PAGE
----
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Gadgets and Gizmos - Part 1: TAOS

If you have a child with special needs, most likely, you will also have gadgets and gizmos that help your child learn to walk, talk, eat, drink, toilet train, sit-up straight and a whole host of other skills. Some gadgets and gizmos may be a medical necessity for your child – helping them to breathe, get nutrition or stay healthy. Whatever it may be, it takes time to find out about what is available and then learn the ins and outs of each piece of equipment. But when a real good tool comes along, it can be life changing for the child and even the family. Over the next few months, I am going to introduce a few of the items we have used. I am always surprised to find out about new equipment. I hope to spread the word about things that have been worth the time, effort and cost for us.

The TAOS, Therapeutic Ambulatory Orthotic System, is what I am focusing on today. Not many people have ever heard of it, even physical therapists. It is actually Ben's latest gizmo – and it is seriously a gizmo – he looks like he is an astronaut about to walk the moon when he is all set in the TAOS. Ben gets a lot of “good” stares when he is in it because it is definitely “cool” looking. Kids usually want to know when it is their turn to use it.

Ben has been using the TAOS since August. As you can see from the photos, it is an involved piece of equipment. I am here to tell you that it looks worse than it actually is. It’s very light weight, easy to move, take apart and assemble. It fits in a sedan type of car with pieces taken apart or fully assembled in a mini-van. It can be transported on a school bus too.

It does take time to get Ben setup in the TAOS. First, his tall ankle-foot orthotics need to be on his feet. Then, while laying on the floor, we snap him into the “bodysuit.” Finally, we lift him up and hang the bodysuit, with Ben in it, onto the tall pole. Then Ben can walk around, hands-free.

The PROS: With a traditional walker, Ben’s hands are engaged. In the TAOS Ben has full use of his arms and hands, allowing him to stand at a table to do activities.

Ben must remain in an upright position which from a physical therapy perspective, helps him develop trunk strength, as well as, correct posture. Often in a walker, Ben hunches down with bent knees, using his arms to hold him up. Because he cannot stay in this position long, he ends up resting on the floor quite a bit. This means he cannot "hang" with his friends. (That was a really bad pun.)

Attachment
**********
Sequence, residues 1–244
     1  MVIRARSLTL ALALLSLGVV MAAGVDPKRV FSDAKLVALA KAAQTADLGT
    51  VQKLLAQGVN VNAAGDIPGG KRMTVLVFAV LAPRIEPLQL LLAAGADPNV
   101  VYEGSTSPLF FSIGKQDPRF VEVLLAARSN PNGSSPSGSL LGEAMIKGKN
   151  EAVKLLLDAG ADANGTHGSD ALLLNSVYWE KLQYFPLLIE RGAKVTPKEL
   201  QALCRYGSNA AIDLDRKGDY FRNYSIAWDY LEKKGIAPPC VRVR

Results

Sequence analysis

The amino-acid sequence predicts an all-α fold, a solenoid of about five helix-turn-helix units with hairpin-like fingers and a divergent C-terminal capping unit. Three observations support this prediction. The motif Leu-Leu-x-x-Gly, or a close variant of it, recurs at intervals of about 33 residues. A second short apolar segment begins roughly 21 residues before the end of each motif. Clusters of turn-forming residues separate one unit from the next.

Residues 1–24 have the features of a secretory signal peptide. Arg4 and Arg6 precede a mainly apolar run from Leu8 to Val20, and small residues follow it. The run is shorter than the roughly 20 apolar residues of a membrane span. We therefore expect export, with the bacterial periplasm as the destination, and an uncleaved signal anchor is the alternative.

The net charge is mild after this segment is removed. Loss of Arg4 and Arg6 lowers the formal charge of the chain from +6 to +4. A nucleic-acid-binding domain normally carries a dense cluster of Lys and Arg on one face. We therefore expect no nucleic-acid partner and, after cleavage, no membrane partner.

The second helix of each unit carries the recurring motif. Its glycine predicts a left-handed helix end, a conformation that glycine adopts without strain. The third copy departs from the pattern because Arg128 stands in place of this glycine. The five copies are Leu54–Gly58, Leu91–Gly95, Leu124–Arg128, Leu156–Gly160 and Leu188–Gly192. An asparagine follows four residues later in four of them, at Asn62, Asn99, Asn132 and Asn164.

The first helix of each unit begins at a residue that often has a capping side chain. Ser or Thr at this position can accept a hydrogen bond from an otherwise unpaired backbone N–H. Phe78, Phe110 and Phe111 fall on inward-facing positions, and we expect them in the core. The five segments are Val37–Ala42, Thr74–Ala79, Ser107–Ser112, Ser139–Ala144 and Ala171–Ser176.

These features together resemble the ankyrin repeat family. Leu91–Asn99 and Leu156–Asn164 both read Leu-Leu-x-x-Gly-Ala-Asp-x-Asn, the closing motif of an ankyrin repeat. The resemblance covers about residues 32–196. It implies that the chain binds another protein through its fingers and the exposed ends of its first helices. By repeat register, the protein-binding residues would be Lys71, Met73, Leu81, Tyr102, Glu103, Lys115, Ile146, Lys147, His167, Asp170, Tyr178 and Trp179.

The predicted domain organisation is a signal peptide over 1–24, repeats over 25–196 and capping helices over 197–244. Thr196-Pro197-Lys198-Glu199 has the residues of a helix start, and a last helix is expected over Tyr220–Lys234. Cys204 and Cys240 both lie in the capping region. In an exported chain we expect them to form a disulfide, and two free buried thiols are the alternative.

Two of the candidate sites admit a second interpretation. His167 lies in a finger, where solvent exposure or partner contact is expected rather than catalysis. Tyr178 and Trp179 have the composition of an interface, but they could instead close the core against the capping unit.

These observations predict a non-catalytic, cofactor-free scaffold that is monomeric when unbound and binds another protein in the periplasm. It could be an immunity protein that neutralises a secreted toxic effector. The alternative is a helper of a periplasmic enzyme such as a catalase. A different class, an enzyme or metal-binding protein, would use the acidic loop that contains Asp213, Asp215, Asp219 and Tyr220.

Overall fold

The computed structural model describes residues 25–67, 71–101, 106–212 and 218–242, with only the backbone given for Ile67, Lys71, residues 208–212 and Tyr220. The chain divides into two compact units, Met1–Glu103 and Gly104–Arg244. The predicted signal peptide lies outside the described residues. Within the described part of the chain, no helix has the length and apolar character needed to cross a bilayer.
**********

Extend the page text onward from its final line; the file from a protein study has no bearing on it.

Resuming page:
Ben can stay in this TAOS for a few hours. If he is motivated, he can move very quickly.

The CONS: It does seem daunting to put Ben in the TAOS because of the steps involved. It is not easy to get him out to use the toilet. Once he is in, it is not likely you will take him out for a brief time and then put him back in.

As Ben gets bigger and heavier, the idea of lifting him onto the pole with the bodysuit on is a scary thought. Of course, in the back of my mind, I hope this will help him build the muscle and strength to walk on his own or use a walker properly.

Ben has access to everything when he is in the TAOS. This means safety becomes an issue. His ability to get to things he never has been able to is exciting, but the idea of him getting to dangerous items is scary. Supervision is still key!

Since Thanksgiving, Ben’s school is using the TAOS three days a week with the school physical therapists and in the classroom during daily activities. Ben’s private physical therapists use it twice per week also. In addition, we use it on the weekends especially if we go to a place like a park, museum or play area with open space. Ben’s occupational therapist has built it in to one of his weekly sessions with Ben, making him gather puzzle pieces in one part of the house and carrying them to another part of the house.

Disclaimer: The equipment and tools I talk about in "Gadgets & Gizmos" is not sponsored by any company. This is not an advertisement for any product.


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